Your search returned 400 results in 78 document sections:

1 2 3 4 5 6 ...
ful region. Far away in the distance, white and red brick houses dotted the undulating farms; yet not a sign of life was discernible, no flocks, no cattle, no horses; the country was deserted-the young in the army, the old ruthlessly driven from their homesteads. When the sun was sinking, distant reports of musketry, far in advance, informed us that our vanguard were already skirmishing with the enemy, and driving in their outposts. Most of the firing seemed to be in the direction of Cedar Run, or Cedar Mountain, about seven miles from Culpeper, where the enemy were drawn up in order of battle, with an effective strength of more than thirty thousand men, well supplied with artillery. The day was too far advanced for an engagement and as their precise position could not be ascertained, Jackson was busily engaged along our lines, making — every disposition for the morrow. From dusty and weary scouts who arrived during night, we ascertained something regarding the true positio
d to keep the stone jar on our side of the fire, without wounding his sensitiveness. Ah you always manage to out-manoeuvre us, said one. Had it not been for Cedar Run, this present disaster would not have befallen us. How so? That is very plain; for if Pope had been able to maintain his position south of the Rappahannock, all cast at our precious stone jar, he evidently wanted a whet, sugar or no sugar. In answer to inquiries, the. first speaker continued: I always heard that Cedar Run had cost Banks upwards of three thousand men, killed, wounded, and prisoners, and during the last three fights, I should judge we could not have lost less than fe suddenly broke up camps round Richmond to pounce upon Pope, our whole available force did not muster more than eighty-five thousand; and allowing for losses at Cedar Run, and the three days engagements on the plains of Manassas, ten thousand may be safely deducted from that total, if not more. A strong, unconquerable will was th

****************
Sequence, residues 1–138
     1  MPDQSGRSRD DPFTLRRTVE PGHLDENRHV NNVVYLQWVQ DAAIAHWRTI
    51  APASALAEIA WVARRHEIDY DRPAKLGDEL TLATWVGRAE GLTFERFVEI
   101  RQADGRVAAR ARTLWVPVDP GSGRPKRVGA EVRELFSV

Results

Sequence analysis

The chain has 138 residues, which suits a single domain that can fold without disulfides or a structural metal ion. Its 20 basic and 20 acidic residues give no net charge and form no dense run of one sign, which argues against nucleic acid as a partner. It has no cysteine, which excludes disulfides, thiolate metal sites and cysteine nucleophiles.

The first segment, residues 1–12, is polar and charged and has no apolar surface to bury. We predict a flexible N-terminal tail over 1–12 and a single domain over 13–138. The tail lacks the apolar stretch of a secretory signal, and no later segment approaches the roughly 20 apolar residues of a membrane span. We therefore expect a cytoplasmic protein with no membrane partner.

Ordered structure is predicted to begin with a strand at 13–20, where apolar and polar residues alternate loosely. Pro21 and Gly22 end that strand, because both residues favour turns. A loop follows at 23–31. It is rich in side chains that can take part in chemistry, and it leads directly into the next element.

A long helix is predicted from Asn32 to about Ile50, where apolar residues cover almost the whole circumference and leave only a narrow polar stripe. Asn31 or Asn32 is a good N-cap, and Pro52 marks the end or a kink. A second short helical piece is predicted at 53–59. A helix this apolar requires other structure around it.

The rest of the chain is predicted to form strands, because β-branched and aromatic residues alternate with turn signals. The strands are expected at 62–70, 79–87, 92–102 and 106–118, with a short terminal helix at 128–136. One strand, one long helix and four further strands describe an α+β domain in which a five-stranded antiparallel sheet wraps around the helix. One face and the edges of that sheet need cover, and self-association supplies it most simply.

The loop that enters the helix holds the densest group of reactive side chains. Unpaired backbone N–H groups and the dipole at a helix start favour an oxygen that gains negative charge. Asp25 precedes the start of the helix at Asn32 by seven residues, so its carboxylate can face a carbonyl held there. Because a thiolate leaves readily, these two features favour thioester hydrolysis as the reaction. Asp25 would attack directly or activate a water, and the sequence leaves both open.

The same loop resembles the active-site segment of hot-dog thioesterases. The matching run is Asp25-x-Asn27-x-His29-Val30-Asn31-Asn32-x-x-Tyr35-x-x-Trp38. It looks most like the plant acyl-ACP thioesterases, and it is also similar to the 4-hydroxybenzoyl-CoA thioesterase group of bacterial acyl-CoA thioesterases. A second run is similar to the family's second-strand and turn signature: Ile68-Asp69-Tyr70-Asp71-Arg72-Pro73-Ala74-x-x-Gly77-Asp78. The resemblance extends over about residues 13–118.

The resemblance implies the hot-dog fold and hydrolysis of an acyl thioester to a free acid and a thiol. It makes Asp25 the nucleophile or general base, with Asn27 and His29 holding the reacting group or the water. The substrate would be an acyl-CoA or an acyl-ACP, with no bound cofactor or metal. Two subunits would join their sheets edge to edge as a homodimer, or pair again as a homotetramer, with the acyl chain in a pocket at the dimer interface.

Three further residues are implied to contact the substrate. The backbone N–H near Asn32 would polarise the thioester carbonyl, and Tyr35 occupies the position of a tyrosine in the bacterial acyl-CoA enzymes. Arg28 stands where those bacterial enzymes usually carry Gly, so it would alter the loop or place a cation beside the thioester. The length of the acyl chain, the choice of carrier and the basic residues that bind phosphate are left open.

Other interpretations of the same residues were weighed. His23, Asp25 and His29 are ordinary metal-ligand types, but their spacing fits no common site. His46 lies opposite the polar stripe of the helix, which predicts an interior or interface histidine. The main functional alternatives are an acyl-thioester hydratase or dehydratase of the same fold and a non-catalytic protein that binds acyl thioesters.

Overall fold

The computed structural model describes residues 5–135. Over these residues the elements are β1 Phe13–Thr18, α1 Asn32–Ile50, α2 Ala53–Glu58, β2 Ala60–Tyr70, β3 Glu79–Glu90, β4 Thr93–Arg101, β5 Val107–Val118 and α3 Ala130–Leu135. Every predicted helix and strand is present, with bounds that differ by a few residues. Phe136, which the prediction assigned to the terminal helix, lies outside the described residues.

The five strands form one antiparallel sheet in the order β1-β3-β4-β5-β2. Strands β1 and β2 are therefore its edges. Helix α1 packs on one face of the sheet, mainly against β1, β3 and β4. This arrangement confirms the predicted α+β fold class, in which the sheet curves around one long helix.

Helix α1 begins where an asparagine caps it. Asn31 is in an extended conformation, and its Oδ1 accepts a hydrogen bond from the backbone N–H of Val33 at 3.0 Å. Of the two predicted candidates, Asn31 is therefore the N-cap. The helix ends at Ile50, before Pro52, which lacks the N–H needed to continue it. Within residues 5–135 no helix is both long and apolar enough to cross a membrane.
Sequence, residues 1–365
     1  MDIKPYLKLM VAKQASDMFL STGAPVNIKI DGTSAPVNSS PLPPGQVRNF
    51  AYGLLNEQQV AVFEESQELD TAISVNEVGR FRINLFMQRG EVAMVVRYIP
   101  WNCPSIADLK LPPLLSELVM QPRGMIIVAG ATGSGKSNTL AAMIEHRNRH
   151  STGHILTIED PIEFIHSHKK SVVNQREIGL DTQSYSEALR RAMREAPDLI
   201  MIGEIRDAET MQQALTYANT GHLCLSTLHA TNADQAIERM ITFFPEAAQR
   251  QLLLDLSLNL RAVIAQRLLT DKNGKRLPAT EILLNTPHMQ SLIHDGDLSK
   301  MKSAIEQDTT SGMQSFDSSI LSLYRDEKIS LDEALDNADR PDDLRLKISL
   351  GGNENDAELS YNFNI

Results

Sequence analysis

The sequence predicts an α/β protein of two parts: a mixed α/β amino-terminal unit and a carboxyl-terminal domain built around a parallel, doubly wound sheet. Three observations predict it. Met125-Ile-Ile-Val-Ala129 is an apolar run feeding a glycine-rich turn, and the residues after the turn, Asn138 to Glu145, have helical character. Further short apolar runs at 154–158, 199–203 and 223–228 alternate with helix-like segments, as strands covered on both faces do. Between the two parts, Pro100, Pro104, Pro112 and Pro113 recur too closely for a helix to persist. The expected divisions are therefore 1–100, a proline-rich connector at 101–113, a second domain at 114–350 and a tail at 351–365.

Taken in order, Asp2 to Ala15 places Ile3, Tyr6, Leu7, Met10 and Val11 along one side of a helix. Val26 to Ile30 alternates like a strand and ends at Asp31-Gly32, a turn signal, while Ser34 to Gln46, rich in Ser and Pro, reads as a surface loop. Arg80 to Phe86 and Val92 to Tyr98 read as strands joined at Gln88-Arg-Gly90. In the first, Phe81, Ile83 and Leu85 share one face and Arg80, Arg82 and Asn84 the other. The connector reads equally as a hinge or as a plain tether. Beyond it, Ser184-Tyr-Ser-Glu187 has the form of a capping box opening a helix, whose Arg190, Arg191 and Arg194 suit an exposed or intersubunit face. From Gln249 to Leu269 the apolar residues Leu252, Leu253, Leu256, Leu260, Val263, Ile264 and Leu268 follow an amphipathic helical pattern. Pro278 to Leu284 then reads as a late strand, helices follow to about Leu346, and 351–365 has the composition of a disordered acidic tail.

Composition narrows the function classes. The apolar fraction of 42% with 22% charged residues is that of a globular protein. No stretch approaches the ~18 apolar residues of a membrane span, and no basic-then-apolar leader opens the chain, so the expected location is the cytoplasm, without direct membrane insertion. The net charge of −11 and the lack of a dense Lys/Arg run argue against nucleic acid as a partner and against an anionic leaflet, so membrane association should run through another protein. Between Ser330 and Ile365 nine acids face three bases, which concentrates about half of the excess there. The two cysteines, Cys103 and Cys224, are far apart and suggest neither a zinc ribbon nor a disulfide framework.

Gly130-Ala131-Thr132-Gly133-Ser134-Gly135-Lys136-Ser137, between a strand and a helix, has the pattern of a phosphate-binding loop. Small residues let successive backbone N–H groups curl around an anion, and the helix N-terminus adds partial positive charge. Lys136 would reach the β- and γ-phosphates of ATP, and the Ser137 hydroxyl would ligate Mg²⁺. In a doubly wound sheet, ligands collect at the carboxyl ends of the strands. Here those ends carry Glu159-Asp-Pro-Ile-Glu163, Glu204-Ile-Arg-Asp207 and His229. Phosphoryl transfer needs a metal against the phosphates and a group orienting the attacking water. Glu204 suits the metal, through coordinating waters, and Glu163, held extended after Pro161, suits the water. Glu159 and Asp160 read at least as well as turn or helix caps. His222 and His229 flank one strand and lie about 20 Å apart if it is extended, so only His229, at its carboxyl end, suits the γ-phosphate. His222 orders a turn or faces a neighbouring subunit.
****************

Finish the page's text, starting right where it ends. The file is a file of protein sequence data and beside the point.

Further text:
John Esten Cooke, Wearing of the Gray: Being Personal Portraits, Scenes, and Adventures of War., Facetiae of the camp: souvenirs of a C. S. Officer. (search)
d the review, did not suppress their opinions of the cavalry. As the horsemen charged by the tall flag under which General R. E. Lee sat his horse looking at them, a weather-beaten Texan of Hood's Old Brigade turned round to a comrade and muttered: Wouldn't we clean them out, if Old Hood would only let us loose on 'em! The infantry never could forgive their cavalry brethren the possession of horses-while they had to walk. X. General W— gave me, one day, a good anecdote of Cedar Run. He was then Colonel of artillery, and when the Confederates' left wing was thrown into disorder, strenuously exerted himself to induce the stragglers to return to the fight. This was not an easy task — the troops were demoralized for the moment by the suddenness of the attack. In consequence, the Colonel had small success; and this enraged him. When enraged the Colonel swore, and when he swore he did so with extraordinary vehemence and eloquence. On this occasion he surpassed all h